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    Cami11e posted:
    Hi everyone. I am new to the 25 - 50 lbs. diet club. I am 49 years old and have 30 lbs. to lose. My current weight is 165 lbs. I exercise regularly with spin classes and weights, although I could add more weight training.

    I have been busy with a new house for 4 months and put my exercise and good eathing habits on the back burner. During this period of time, I managed to gain 20 lbs. and went to 175 lbs. I returned to the gym about a month ago and lost 10 of the 20 lbs I had gained. Before buying my new house, I still had 20 lbs to lose, so you can see my issue.

    My problem is not with exercise, but with eating. Someone once told me that eating is 60% of the equation to losing weight, whereas exercise is 40%. I need to keep that in mind.

    I know what I should be doing, so I need some accountability. I figured that I could get that here and share my experiences with others doing the same.

    Tomato05 responded:
    Good luck, Cami, It's good to hear you exercise regularly.

    I actually think diet plays a bigger role in the weight loss equation than 60%. In fact, I think since the early civilisations lots of people have lost weight even without any exercise.

    Exercise is essential though for health and wellbeing reasons, plus it gives you a nice shape. It burns calories, of course, but it is almost impossible to calculate exactly how many, unless you do it in a lab (too many factors play a role). It is therefore a guessing game.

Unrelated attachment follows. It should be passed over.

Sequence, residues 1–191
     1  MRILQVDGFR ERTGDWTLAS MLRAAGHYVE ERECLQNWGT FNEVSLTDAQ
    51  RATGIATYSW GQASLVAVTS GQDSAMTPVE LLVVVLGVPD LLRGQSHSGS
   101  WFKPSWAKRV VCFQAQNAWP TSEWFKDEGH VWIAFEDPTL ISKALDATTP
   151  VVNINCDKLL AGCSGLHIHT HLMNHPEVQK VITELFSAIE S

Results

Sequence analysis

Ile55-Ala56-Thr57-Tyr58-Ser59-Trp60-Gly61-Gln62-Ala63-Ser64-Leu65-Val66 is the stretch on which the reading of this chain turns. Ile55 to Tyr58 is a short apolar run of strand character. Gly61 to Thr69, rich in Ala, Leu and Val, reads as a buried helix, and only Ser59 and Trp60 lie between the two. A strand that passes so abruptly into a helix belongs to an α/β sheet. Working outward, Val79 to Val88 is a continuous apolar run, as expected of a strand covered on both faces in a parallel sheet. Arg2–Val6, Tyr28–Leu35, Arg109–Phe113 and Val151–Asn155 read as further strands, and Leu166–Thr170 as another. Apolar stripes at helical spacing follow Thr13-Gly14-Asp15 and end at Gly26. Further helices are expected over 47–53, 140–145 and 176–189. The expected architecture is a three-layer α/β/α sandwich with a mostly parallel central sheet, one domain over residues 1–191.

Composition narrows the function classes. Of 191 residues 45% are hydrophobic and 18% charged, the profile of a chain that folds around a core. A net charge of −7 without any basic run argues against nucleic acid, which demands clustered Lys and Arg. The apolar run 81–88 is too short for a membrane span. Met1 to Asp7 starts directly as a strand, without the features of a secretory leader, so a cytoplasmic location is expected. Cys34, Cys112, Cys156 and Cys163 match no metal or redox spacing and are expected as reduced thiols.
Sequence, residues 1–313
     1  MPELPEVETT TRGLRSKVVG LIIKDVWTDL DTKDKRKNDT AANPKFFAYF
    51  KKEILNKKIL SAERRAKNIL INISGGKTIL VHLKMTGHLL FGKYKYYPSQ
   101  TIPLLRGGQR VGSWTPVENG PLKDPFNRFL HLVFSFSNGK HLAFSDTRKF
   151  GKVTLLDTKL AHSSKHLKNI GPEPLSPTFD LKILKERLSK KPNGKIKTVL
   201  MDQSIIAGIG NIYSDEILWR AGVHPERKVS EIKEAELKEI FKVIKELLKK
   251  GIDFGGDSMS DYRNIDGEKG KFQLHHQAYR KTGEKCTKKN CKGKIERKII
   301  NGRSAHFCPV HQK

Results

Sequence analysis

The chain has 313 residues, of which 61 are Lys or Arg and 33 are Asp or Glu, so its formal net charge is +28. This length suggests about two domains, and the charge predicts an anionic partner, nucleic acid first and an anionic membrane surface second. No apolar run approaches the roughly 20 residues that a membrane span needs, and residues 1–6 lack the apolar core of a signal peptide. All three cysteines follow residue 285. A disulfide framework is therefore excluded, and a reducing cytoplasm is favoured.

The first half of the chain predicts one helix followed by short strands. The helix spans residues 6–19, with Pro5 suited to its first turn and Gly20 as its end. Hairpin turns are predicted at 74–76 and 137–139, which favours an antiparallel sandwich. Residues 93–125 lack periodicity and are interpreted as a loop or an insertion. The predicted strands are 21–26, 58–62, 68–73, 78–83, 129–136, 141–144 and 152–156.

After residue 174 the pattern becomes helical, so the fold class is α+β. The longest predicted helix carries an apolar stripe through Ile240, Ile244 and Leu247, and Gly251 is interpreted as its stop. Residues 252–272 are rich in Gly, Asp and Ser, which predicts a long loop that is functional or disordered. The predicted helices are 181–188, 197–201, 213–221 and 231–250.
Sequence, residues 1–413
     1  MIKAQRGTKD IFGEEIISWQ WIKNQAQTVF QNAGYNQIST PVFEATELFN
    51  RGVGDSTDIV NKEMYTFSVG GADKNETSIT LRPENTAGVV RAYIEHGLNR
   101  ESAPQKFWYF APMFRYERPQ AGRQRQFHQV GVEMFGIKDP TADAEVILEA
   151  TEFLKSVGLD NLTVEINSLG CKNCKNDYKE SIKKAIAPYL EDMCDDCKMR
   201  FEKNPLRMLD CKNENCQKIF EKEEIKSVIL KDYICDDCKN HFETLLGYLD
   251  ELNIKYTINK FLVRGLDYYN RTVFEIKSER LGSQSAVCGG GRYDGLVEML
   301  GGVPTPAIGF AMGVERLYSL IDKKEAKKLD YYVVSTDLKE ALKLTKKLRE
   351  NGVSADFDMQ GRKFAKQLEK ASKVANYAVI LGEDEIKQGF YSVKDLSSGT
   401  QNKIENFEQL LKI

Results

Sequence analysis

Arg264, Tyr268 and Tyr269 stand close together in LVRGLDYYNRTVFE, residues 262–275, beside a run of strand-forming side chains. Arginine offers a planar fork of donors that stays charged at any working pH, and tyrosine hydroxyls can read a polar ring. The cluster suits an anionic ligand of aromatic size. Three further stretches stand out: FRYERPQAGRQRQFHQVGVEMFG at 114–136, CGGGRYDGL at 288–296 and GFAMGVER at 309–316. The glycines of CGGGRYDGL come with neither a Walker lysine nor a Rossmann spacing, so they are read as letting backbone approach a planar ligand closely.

My approach is rather that one should eat below maintenance level (sensibly, though, say 500 cal below maintenance), and exercise as much as is reasonable possible.

    Anyway, that's all very technical. To simplify it, if you eat regular smallish meals and one or two small, controlled (and pre-planned) snacks, and exercise in moderation on most days, you should lose weight. If you don't, your body is telling you that you are eating enough to maintain the weight and you need to cut back. If you lose too fast (more than 2lb a week), you could increase your calories by 50 or 100 (in the form of healthy food of course, like veg or fruit or lean protein).
    marknanrog responded:
    I encourage you to use the tools provided here to help with eating. I keep track of what I eat and that has helped me see that what I used to think of as moderate eating still put me way over the amount of calories my body needs. I'm much more conscious of my choices now and have been loosing weight at the recommended rate.
    Sumbuny replied to marknanrog's response:
    I agree with you--the food and fitness planner has helped me more than I realized. I always knew that when I journaled my food I did better, but the "hassle" of writing it down always stopped me after a week. This tool has kept me going on week 2--it has so much info! One week my salt went up, and I couldn't figure out why, until I clicked on each entry and saw that one thing I ate out of the norm (it was at a celebration). Once I realized it was a "once in a while" thing, I realized that it was OK to do--"once in a while"! Otherwize I would have simply beat myself up.

    The tools also show me that everyday activies COUNT! Not that they should be the be all end all, but that being mindful of being active is a mindset. Now, during commercials, I tend to get up more and do things around the house in short spurts, instead of simply sit and watch the whole program. I don't mind (as much) if I can't get the parking spot closest to the door, etc. I log everything in--you would be surprised at how much you burn during everyday activity! Sure, I addthis to my workouts at the gym, but if walk/jog around the block each day allows me an extra treat at the end of the week....


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